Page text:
The government has admitted "more work" needs to be done to tackle problems with school sport.
Sports Minister Hugh Robertson told the BBC that new policy on the issue should be unveiled in the coming weeks.
"We know there's an issue. We're hoping to make an announcement in the new year and we aim to get this sorted out," he said.
The BBC understands part of the new policy will focus on additional funding for more training of PE in schools.
Money to release sport specialists to work in primary schools one day a week runs out at the end of this academic year.
Despite record levels of investment in grassroots and elite sport, questions have been raised over whether the government has built on the potential of the London Games by devising an effective strategy over school sport.
But Robertson said: "The challenge to those who criticise us is that they very often criticise us without taking into account the prevailing economic conditions.
"Anybody who wants more money put into school sports really has to tell us where its going to come from, and in the absence of that their arguments do lose some of their weight."
The government has faced criticism over Education Secretary Michael Gove's decision to axe £162m in ring-fenced funding for a national network of local School Sport Partnerships (SSPs).
Following protests over the plan, there was a partial reversal of the decision, but funding was still cut by 69%, and only guaranteed until next year.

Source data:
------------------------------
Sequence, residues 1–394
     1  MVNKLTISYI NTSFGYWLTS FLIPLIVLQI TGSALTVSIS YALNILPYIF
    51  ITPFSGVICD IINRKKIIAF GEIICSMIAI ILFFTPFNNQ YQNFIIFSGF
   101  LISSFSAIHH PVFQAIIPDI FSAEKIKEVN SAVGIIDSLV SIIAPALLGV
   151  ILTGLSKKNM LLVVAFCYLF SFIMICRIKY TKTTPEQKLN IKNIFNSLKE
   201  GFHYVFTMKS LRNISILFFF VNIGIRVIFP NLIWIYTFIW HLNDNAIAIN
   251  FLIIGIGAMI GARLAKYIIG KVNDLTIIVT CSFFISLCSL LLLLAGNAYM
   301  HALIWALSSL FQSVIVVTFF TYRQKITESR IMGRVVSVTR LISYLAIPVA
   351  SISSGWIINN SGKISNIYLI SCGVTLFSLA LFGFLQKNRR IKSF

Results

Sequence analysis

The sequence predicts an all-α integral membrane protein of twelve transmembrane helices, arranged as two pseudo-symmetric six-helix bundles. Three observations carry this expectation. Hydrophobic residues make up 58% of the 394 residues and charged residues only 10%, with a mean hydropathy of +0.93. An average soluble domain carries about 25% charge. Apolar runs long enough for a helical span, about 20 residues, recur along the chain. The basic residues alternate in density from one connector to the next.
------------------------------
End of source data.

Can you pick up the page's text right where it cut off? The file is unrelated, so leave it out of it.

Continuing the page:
Research has since shown a 60% drop in the time dedicated to organised school sport, and found a third of children leaving primary school are now obese or overweight.
A requirement for all pupils to have at least two hours of PE a week was also ended, along with the School Sport Survey, which monitored activity, amid concerns over excessive bureaucracy.
The government say they are spending £1bn on youth sport over the next five years through Sport England, and extending the School Games, a scheme intended to boost the number of pupils participating in competitive sport, and which was set up to replace SSPs.
Meanwhile, the Prime Minister has said competitive team sports will be made compulsory for all primary age children.
But John Steele, chief executive of the Youth Sport Trust, told the BBC, "If we are really serious about inspiring the next generation following the London 2012 Olympics and Paralympics, the foundations of this need to be laid in schools.
"This can't just be about improved sporting opportunities, it has to be a holistic approach to physical literacy, health and wellbeing as well as the wider gains that can be made from competitive sport.
"It is something which requires cross-government assurances and commitment."
In a new action plan, Labour this week called for the target of two hours of PE a week to be reinstated.
Meanwhile, the head of the Sport & Recreation Alliance accused the government of paying "lip-service to the importance of sport".
Research shows that teachers receive an average of just 10 hours of training on how to instruct PE.
Lord Coe, who is advising the Prime Minister on Olympic legacy has admitted his "frustration" at the failure to plan better for school sport.
Meanwhile, Robertson defended the government's record on elite and grassroots sport.
He said: "If you look at sports legacy coming out of London 2012 we've done extraordinarily well in the funding we've got to elite level athletes.
"The community piece is better structured, better organised and sports know what they have to do in the way they didn't know before. There is money in that part that has ever been the case before. The major sports events strategy is going fantastically.
"There is more work to be done over school sport."